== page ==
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December 10, 2021

Late-stage pipeline agents set to mostly address unmet needs in haemophilia A and B

GlobalData has identified the five most important unmet needs in haemophilia, four of which are clinical and one environmental.

By GlobalData Healthcare

Haemophilia is a rare, X-linked hereditary disorder in which deficiencies in clotting factors—factor VIII (haemophilia A) or IX (haemophilia B)—result in excess bleeding in joints, muscles and soft tissues after internal or external trauma. In the past, the highest unmet need in this indication was reducing the risk of infection from blood plasma-derived therapies. This need was met with the advent of recombinant replacement factors into the haemophilia A and B market. Through discussions with key opinion leaders (KOLs), GlobalData has identified the five most important unmet needs in haemophilia A and B, four of which are clinical and one environmental (Figure 1).

The main high unmet need in haemophilia is the ability to allow patients with this disease to live as normal a life as those without the disease. Over the last few decades, developers have moved rapidly towards this final target by developing gene therapies with improved factor VIII and IX transgenes and suitable gene-transfer vectors. Late-stage pipeline agents that can address this unmet need are BioMarin’s Roctavian (valoctocogene roxaparvovec) and Pfizer’s SB-525 (giroctocogene fitelparvovec) for haemophilia A, along with uniQure’s AMT-061 (etranacogene dezaparvovec) and Pfizer’s SPK-9001 (fidanacogene elaparvovec) for haemophilia B.

Secondly, the increased risk of inhibitor formation in previously untreated patients (PUPs) is also an area of high unmet need. Not only are these patients unable to respond to replacement factors, but comprise a segment where therapeutic options are limited. Novel therapies that act upon alternative coagulation pathways can assist in reducing the rate of inhibitor development. Late-stage, pipeline monoclonal antibodies that target the tissue factor pathway inhibitor (TFPI) include Pfizer’s marstacimab and Novo Nordisk’s concizumab.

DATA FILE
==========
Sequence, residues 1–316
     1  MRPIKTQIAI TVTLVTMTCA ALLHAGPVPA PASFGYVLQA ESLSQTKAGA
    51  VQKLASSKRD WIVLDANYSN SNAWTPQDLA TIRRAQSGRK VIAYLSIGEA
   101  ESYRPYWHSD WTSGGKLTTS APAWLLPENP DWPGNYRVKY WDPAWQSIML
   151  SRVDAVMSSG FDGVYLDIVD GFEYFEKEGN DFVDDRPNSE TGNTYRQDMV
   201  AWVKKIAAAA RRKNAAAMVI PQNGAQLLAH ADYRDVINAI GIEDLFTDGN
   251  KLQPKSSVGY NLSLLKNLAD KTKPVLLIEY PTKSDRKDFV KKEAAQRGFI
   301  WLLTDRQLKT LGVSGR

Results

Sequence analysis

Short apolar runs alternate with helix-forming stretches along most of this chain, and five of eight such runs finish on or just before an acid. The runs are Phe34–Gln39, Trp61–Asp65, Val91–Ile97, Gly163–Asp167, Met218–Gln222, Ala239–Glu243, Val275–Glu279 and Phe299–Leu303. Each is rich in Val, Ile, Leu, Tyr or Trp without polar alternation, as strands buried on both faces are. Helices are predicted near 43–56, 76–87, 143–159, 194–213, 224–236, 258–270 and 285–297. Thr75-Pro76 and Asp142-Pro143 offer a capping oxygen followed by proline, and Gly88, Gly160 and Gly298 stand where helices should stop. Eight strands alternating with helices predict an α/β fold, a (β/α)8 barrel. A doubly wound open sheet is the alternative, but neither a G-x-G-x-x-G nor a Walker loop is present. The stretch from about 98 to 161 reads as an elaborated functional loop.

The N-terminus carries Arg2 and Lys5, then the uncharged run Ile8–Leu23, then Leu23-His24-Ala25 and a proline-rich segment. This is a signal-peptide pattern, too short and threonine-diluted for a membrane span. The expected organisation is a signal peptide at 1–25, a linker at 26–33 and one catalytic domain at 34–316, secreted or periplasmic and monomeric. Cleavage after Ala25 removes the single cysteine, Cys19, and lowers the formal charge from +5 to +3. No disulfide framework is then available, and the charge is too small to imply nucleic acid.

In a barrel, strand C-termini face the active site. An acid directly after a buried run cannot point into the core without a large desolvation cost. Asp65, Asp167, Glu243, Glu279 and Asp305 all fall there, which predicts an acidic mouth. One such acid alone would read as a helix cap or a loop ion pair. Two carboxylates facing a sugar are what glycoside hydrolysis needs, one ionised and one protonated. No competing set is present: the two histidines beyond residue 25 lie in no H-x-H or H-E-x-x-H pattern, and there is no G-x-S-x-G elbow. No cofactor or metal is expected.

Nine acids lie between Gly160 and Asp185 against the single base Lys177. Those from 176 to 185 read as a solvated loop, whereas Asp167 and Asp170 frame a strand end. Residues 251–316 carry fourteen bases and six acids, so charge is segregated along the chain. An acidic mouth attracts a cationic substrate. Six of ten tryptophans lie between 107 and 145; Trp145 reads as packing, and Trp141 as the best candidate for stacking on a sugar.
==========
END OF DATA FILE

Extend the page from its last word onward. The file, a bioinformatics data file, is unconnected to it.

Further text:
A third high unmet need is the lack of approved products for haemophilia B patients with inhibitors. NovoSeven and Sevenfact are the only recombinant bypassing agents currently approved for on-demand treatment in haemophilia B patients with inhibitors. Plasma-derived agents Feiba NF and Byclot are the only products that can be used prophylactically to treat haemophilia B patients with inhibitors. There are currently four pipeline agents in late-stage clinical trials for which GlobalData anticipates marketing authorisation to treat this subpopulation over the next ten years. These include Catalyst Biosciences’ marzeptacog alfa (activated), which is reported to have a longer half-life than NovoSeven and thus is expected to erode sales from NovoSeven if approved.

The final clinical unmet need is the availability of treatments with a convenient route of administration. Alongside frequent dosing schedules of two to four times a week being a major inconvenience for patients and their caregivers, frequent intravenous injections in the prophylactic setting also cause complications due to venous access issues. The success of Roche’s Hemlibra in the haemophilia A market is largely due to its ability to be administered subcutaneously, as well as its easier dosing schedule of once a month. Hemlibra is the only marketed agent in the haemophilia A space that can be administered subcutaneously. Sanofi’s late-stage pipeline agent fitusiran, which can treat all haemophilia populations, promises a dosing schedule of once a month and a subcutaneous route of administration. In addition, four other late-stage agents can be administered subcutaneously.

Finally, the main environmental unmet need is represented by the high cost of prophylactic treatment, which presents a challenge to national health services and insurance providers in the long term. KOLs are not optimistic that this unmet need will be addressed soon, as they predict that the cost of a one-time dose of a gene therapy will equal the cost of regular prophylactic treatment with recombinant replacement factor therapy over a patient’s lifetime. In addition, KOLs believe that novel extended half-life replacement therapies do not improve bleeding rates, are not cost-effective and only act as a means for administering less-frequent injections at a higher price. The cost of prophylactic treatment in haemophilia is highly likely to continue increasing.

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